Fishing Birthday Card – Teepee Style

This card was created to compliment an autumn birthday teepee card I had made earlier which was done in oranges and browns.  This one plays off the orange by using the contrasting color of blue with accents of browns and green. The recipient likes to fish so I used a fishing stamp set by Stampin’ Up and papers from my storage box of “masculine papers” (brands listed under supplies.)

Teepee cards-so named because of the shape, are easy cards to construct from three squares of cardstock that are all the same. You score each diagonally from one point to the opposite point and fold in half to form a triangle. Then you glue one of the squares to the left side triangle and another square to the right side of the triangle/center square. I recommend watch Sam Calcott’s Mixed up Crafts video for a step by step. (My card base is made up of three 5 ¾ inches squares of double-sided paper by Craft Consortium.) I cut three 5 ½ inch squares of green paper by Graphic 45 and then diagonally cut the square to get the 5 triangles I needed for the middle mat layer.

Once again, I want to have peek-a-boo-doors on the teepee card, so I added two flaps using the smallest and the medium circle dies in the Lawn Fawn circle flaps dies set cut into the top layer of triangular cut paper. Because I wanted to use the doors as platforms to set a hook and a large fish on, I used pop-out cubes to make them stand away from the card base.(My card used patterned blue paper by Authentique cut from 5 ¼ inch squares.) I also cut two additional circle flaps from the same blue paper to cover the back sides of the flap doors and squares to inlay behind the flap door matching the pattern. The pop-up cube to support an object is common, but I really learned the power of it from Karen Burniston’s Frame Pull Pop-up.

I fussy cut all of the card’s stamped images and sentiments after I had use watercolor pencils to color them. The happy Birthday rosette is made from a foiled topper from a card kit and ribbon gathered by needle and thread and then glued to the back of the topper.

The back side of the card has a cream-colored triangle for a personal message. The card is secured with a hook and loop square glued to one corner of the back flap and the connecting triangle.

I intended to have this card fold flat to fit inside a catalog envelope (9 inches x 6 inches) but I put the fisherman with his long pole and fishing line on the wrong panel. (Yes, it is real fishing line glued between two layers of the stamped fisherman and pole). The fisherman and the fish should have been where the other is, so that when folded flat the overlap lays on the cream panel so it will fit into a 9 x 6 inch envelope. But this card will be mailed in a larger padded envelope with a small diagram so the recipient will know how to stand it up for display and for good CRX. The back of the envelope is stamped with a fish.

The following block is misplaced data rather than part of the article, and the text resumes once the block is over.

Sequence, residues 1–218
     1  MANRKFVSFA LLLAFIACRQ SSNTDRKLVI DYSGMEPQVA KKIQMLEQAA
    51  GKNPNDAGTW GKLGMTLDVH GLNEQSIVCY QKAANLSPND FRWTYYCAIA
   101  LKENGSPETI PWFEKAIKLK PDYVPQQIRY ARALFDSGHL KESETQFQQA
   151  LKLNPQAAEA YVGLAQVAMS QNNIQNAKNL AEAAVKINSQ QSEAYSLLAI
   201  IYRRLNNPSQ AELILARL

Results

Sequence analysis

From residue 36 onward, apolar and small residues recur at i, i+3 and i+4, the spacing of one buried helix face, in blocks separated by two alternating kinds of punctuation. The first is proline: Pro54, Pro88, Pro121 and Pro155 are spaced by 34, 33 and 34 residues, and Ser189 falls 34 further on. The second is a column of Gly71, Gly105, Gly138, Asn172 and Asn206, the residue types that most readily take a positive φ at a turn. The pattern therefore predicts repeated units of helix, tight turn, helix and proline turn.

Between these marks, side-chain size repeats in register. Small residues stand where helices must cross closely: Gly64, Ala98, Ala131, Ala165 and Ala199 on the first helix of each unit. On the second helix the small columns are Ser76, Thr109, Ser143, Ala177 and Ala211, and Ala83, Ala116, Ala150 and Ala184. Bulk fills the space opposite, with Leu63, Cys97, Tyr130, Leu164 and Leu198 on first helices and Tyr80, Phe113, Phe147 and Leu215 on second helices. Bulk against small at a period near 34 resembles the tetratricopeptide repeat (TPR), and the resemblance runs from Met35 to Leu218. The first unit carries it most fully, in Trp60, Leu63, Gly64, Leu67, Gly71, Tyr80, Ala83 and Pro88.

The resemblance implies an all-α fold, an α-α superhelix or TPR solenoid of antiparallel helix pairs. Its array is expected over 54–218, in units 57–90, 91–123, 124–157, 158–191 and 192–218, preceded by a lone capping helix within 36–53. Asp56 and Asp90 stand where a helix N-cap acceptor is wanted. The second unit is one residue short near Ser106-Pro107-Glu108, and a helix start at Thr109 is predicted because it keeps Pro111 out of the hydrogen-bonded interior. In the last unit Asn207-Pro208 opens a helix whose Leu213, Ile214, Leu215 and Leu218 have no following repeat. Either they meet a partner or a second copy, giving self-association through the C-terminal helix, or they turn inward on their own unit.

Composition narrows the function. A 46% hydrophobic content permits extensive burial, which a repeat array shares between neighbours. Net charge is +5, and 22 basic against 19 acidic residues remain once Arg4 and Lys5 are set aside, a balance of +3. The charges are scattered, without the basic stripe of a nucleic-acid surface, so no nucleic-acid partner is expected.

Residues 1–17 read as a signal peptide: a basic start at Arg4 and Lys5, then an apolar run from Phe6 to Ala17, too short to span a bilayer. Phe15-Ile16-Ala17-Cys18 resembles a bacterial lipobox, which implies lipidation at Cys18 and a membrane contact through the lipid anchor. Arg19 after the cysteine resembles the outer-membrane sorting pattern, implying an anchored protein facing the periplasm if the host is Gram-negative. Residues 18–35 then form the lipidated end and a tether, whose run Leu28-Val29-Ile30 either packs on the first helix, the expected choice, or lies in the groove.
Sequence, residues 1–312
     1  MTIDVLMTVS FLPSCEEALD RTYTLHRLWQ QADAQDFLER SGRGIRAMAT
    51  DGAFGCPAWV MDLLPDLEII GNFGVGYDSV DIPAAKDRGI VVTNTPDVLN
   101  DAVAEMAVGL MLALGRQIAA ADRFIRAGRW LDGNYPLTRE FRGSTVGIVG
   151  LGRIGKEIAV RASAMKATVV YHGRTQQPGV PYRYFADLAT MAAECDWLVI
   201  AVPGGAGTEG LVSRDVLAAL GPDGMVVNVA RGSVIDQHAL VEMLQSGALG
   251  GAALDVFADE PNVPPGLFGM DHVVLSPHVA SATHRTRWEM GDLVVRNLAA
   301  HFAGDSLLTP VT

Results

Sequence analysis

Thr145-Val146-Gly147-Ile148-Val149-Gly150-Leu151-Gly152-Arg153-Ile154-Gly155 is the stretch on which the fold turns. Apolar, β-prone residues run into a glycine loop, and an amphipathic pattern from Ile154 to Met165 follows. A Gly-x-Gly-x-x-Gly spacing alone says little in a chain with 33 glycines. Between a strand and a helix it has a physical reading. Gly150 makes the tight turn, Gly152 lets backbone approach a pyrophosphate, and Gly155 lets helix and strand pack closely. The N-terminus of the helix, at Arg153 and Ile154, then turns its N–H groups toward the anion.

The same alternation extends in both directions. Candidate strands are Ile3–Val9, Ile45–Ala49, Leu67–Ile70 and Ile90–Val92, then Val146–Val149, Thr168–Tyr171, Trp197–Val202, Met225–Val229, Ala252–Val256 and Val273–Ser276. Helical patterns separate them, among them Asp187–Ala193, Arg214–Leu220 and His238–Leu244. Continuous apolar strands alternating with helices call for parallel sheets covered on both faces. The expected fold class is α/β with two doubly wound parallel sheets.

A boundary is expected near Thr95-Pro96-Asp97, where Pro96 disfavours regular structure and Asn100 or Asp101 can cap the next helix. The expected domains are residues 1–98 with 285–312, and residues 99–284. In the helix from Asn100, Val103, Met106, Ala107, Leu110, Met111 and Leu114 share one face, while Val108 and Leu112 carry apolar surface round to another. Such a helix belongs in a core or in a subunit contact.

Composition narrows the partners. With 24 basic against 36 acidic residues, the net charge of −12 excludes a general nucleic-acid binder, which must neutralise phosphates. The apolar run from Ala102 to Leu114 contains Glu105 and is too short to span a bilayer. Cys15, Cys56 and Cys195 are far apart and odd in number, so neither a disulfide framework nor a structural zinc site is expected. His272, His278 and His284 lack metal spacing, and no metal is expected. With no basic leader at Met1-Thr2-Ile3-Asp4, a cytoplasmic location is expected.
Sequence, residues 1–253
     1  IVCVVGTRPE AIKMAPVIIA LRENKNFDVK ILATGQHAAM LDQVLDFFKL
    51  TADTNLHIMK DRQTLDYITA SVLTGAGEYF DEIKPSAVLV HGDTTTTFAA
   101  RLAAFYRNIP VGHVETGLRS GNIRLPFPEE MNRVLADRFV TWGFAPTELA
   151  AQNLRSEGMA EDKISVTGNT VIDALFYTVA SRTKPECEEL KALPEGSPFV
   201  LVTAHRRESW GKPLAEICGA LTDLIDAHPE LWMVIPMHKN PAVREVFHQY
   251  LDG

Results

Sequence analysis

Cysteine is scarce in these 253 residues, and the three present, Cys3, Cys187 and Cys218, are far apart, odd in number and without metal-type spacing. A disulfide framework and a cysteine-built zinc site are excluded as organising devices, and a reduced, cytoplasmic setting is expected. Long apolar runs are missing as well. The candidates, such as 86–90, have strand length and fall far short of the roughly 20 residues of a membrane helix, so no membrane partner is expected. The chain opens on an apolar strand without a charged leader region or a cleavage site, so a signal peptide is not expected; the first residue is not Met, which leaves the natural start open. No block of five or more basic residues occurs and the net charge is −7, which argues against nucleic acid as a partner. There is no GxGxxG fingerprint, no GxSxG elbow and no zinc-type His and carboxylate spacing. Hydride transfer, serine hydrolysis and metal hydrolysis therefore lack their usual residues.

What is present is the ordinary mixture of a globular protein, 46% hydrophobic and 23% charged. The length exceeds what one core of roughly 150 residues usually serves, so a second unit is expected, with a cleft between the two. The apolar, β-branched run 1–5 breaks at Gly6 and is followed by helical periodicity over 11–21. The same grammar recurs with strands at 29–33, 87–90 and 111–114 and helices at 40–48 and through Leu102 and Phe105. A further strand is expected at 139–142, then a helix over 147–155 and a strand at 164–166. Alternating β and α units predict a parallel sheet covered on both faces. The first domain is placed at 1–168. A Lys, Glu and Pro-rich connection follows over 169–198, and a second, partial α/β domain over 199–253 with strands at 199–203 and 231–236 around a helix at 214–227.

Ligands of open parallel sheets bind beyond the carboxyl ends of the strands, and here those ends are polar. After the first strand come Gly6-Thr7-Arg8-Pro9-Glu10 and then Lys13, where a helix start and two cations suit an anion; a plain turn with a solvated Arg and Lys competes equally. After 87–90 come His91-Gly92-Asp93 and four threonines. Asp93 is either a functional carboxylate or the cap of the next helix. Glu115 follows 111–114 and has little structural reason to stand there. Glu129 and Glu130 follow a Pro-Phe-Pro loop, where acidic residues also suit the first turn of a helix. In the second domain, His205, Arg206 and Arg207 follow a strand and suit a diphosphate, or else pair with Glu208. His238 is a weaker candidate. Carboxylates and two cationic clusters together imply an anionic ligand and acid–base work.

Supplies

Dies

Stamps/Ink

Paper

Miscellaneous

  • PVA Glue – Cosmic Shimmer Acrylic Glue
  • Hook and loop tape
  • Foam squares
  • Metallic organza ribbon from my stash
  • Zebco – OmniFlex – 20 lb. 9.1 kg Line – monofilament fishing line
  • Needle and thread

CRX – Card Recipient Experience

Free download of easel card CRX sheet

You create the most delightful card that moves went you pull a slider or you create a box card that folds flat, and the recipient of the card gets it in the mail and has no idea how to make it work.  This is not the ideal card recipient experience (CRX) you want.

 

In the web designers world, they talk about User Experience (UX). For us in the not so digital field of card designers, we need to think about CRX or how we let our users know how to operate the card if the recipient is not use to receiving interactive cards.

 

Arrows indicating direction to pull a slider tab are common.  Including a diagram of how a box card should look when completed is simple enough. Or you can get creative and string a “pull here” tag on a thread that can be removed once used.

A great card is both beautiful to the eye of the beholder and easily explained if it involves moving parts.

 

Dies/Stamps Used:

 

You’re In My Thoughts Box of Flowers

Lawn Fawn Scalloped Box Card Pop-Up

Build -A-Bouquet Stamp Collection for Papercrafter magazine issue 118 

Stamped in black ink and colored with Crayola Signature Brush & Detail Dual-ended Markers

 

Tea and Tulips Box of Flowers

Lawn Fawn Scalloped Box Card Pop-Up

Stampin’ Up’s Tearoom Copper Vinyl Stickers

Stampin’ Up’s Tea Room Specialty Designer Series Paper

Tea Room Memories & More Card Pack.

Shaded Tulip Stamp & Layer set by Susan Bates for Papercraft Inspirations magazine, issue 182

CraftSmart and Hampton Art mini ink pads.

 

Paris Easel Card

Paris in the Springtime Die set from Die Cutting essentials  issue 49

Karen Burniston’s Pop It Ups for Elizabeth Craft Designs 1104-Hanging Charm Pull Tab die set

“Pull Here” stamp from Concord and Ninth’s Mail Drop Stamp Collection